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Jeffrey Lewis: Cosmic And Tongue-In-Cheek 'Dream-Songs'

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Jeffrey Lewis is my homeboy. The prolific anti-folk singer-songwriter has lived less than a mile from where I live on the Lower East Side since he was born in 1975. Difference is, I moved to Avenue B as an adult, while he's a native — his dad is a Brooklyn-born motorcycle mechanic who hung with local politicos and musicians.

As a hereditary hippie, Lewis has always dug songs that drift off in vaguely Buddhist notions of existential displacement and eternal recurrence. So several of the tracks that lead off his new album, A Turn in the Dream-Songs, are way dreamier than a hard-headed interloper like me would prefer. But the music picks up while remaining dreamy at track five, the idealistic yet realistic "Time Trades."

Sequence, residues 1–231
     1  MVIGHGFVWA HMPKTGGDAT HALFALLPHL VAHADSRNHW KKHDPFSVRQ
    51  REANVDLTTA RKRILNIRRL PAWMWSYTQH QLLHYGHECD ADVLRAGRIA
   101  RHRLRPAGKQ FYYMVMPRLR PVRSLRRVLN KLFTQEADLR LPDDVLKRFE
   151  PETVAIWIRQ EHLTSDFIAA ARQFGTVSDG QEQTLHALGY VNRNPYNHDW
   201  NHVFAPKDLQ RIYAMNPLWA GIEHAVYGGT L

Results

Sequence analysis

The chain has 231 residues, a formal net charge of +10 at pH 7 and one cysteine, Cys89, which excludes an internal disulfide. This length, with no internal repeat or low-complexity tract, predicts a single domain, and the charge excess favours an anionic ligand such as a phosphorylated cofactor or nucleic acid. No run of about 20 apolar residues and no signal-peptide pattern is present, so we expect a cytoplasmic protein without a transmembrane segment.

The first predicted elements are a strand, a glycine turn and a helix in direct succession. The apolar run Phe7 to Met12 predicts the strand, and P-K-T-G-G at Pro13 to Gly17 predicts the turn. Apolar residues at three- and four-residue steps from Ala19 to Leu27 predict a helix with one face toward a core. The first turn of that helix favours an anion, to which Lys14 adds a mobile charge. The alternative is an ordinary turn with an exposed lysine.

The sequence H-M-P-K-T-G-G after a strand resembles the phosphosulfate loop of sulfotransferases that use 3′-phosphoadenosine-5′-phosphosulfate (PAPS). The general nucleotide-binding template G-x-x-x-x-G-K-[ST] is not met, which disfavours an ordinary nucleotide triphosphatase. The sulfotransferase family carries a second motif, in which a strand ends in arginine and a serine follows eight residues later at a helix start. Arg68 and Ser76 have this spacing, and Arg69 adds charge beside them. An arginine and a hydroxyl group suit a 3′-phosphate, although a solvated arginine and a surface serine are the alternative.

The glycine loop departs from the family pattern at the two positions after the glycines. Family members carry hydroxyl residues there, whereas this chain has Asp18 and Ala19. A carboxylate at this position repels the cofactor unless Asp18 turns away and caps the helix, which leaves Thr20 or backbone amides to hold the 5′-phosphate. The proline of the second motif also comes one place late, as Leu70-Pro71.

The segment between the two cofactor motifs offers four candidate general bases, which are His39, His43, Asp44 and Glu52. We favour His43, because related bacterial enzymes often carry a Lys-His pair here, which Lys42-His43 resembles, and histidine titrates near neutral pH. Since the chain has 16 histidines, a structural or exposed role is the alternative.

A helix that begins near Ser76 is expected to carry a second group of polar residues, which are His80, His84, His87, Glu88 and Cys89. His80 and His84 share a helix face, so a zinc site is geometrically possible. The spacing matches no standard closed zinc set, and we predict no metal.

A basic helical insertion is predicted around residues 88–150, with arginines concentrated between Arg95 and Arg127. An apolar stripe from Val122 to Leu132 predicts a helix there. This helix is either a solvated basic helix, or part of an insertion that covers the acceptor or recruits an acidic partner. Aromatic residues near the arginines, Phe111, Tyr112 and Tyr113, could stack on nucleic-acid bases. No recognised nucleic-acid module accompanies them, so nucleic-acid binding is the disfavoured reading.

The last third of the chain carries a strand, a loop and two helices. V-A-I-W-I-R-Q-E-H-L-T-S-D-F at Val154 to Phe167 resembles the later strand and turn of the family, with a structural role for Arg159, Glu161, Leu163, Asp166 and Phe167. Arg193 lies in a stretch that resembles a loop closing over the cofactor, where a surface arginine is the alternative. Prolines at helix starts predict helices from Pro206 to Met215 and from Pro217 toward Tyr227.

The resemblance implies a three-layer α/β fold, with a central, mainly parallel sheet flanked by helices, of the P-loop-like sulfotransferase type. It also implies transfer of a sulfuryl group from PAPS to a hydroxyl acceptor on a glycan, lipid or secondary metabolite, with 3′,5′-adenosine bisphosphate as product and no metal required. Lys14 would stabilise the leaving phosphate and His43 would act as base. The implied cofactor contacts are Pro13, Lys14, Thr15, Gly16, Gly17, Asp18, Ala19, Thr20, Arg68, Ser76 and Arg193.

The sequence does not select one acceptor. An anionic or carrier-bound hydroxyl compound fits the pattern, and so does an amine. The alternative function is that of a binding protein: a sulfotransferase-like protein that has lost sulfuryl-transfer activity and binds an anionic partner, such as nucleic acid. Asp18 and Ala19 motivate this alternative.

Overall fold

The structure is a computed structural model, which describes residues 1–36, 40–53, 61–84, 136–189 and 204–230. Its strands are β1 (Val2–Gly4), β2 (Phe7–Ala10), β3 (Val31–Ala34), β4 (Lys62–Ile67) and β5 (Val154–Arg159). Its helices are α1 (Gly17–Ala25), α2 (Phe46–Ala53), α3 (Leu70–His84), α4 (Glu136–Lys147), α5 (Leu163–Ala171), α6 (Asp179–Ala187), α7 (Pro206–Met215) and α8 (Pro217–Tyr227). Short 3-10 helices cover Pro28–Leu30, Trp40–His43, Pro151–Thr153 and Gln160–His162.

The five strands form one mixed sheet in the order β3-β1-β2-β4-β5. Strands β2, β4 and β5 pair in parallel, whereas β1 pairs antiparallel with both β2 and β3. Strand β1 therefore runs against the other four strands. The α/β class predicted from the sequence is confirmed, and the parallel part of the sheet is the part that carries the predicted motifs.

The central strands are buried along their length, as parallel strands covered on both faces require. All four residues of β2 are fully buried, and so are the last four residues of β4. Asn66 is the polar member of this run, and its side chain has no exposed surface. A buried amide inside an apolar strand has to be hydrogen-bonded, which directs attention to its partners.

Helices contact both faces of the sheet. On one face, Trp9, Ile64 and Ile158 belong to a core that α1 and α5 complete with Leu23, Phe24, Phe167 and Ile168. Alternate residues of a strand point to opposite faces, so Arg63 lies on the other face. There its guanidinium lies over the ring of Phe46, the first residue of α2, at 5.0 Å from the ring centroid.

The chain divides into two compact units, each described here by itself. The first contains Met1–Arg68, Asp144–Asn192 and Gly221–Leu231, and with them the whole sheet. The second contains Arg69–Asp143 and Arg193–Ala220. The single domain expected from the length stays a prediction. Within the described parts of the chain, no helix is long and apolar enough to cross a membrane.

Lewis is often funny and sometimes fanciful — the lifetime bohemian as likable supernerd, neurotic and vulnerable in a rather universal way. The new album includes a touching description of eating alone after you've been dumped, a gangsta-folk bonus track about massacring mosquitoes, slapstick about failing at suicide, and a personal manifesto called "Cult Boyfriend."

Adding to Lewis' draw as a cult boyfriend is his status as a cult multitalent — in addition to publishing his own comic books, he illustrates his own CD packages and lectures on the graphic novel The Watchmen. But his songs come first, and in those songs the lyrics come first.

A Turn in the Dream-Songs' six-minute master track, "Krongu Green Slime," is a dystopian yet tongue-in-cheek reflection on consumerism, evolution, mortality and the tiny place of life itself in the cosmos. It's universal to the max, covering 10 zillion years and counting. On the Lower East Side, that's how we roll.

Copyright 2011 National Public Radio. To see more, visit http://www.npr.org/.

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